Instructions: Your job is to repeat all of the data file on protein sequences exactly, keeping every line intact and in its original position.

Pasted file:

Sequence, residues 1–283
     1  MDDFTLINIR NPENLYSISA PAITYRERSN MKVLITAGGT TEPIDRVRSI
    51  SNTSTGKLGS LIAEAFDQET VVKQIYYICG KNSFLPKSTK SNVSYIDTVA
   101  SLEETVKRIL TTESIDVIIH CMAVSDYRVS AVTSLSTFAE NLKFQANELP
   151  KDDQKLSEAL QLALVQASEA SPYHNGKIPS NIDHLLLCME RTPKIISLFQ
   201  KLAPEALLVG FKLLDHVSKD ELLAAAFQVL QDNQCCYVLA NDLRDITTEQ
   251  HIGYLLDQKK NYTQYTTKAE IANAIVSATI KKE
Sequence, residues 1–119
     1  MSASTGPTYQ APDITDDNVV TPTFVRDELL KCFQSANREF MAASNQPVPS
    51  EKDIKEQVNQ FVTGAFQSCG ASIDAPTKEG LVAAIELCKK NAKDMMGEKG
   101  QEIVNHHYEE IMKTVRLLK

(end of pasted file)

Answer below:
Sequence, residues 1–283
     1  MDDFTLINIR NPENLYSISA PAITYRERSN MKVLITAGGT TEPIDRVRSI
    51  SNTSTGKLGS LIAEAFDQET VVKQIYYICG KNSFLPKSTK SNVSYIDTVA
   101  SLEETVKRIL TTESIDVIIH CMAVSDYRVS AVTSLSTFAE NLKFQANELP
   151  KDDQKLSEAL QLALVQASEA SPYHNGKIPS NIDHLLLCME RTPKIISLFQ
   201  KLAPEALLVG FKLLDHVSKD ELLAAAFQVL QDNQCCYVLA NDLRDITTEQ
   251  HIGYLLDQKK NYTQYTTKAE IANAIVSATI KKE
Sequence, residues 1–119
     1  MSASTGPTYQ APDITDDNVV TPTFVRDELL KCFQSANREF MAASNQPVPS
    51  EKDIKEQVNQ FVTGAFQSCG ASIDAPTKEG LVAAIELCKK NAKDMMGEKG
   101  QEIVNHHYEE IMKTVRLLK